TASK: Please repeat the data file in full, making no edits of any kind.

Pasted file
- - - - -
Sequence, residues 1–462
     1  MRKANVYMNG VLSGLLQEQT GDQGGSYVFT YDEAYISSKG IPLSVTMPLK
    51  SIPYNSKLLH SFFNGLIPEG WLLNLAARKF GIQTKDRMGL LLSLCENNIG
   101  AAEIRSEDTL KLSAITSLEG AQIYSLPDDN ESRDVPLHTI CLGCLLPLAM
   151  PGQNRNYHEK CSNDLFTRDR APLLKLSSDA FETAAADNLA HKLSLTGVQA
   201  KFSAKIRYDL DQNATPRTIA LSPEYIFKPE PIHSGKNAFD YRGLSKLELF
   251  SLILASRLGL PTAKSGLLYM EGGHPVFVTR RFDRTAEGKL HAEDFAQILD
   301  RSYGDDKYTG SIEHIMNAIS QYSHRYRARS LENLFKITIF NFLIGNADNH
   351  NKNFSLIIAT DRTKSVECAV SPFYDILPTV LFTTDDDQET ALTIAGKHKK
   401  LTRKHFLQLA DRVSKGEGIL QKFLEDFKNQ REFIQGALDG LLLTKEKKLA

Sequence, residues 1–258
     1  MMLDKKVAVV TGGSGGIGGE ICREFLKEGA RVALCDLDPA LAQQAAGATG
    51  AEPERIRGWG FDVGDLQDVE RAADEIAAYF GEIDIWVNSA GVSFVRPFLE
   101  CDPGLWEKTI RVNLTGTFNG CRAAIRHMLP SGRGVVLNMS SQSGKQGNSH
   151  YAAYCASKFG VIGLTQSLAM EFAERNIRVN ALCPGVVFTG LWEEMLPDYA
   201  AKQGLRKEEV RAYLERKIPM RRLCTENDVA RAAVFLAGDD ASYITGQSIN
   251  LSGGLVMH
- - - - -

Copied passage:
Sequence, residues 1–462
     1  MRKANVYMNG VLSGLLQEQT GDQGGSYVFT YDEAYISSKG IPLSVTMPLK
    51  SIPYNSKLLH SFFNGLIPEG WLLNLAARKF GIQTKDRMGL LLSLCENNIG
   101  AAEIRSEDTL KLSAITSLEG AQIYSLPDDN ESRDVPLHTI CLGCLLPLAM
   151  PGQNRNYHEK CSNDLFTRDR APLLKLSSDA FETAAADNLA HKLSLTGVQA
   201  KFSAKIRYDL DQNATPRTIA LSPEYIFKPE PIHSGKNAFD YRGLSKLELF
   251  SLILASRLGL PTAKSGLLYM EGGHPVFVTR RFDRTAEGKL HAEDFAQILD
   301  RSYGDDKYTG SIEHIMNAIS QYSHRYRARS LENLFKITIF NFLIGNADNH
   351  NKNFSLIIAT DRTKSVECAV SPFYDILPTV LFTTDDDQET ALTIAGKHKK
   401  LTRKHFLQLA DRVSKGEGIL QKFLEDFKNQ REFIQGALDG LLLTKEKKLA

Sequence, residues 1–258
     1  MMLDKKVAVV TGGSGGIGGE ICREFLKEGA RVALCDLDPA LAQQAAGATG
    51  AEPERIRGWG FDVGDLQDVE RAADEIAAYF GEIDIWVNSA GVSFVRPFLE
   101  CDPGLWEKTI RVNLTGTFNG CRAAIRHMLP SGRGVVLNMS SQSGKQGNSH
   151  YAAYCASKFG VIGLTQSLAM EFAERNIRVN ALCPGVVFTG LWEEMLPDYA
   201  AKQGLRKEEV RAYLERKIPM RRLCTENDVA RAAVFLAGDD ASYITGQSIN
   251  LSGGLVMH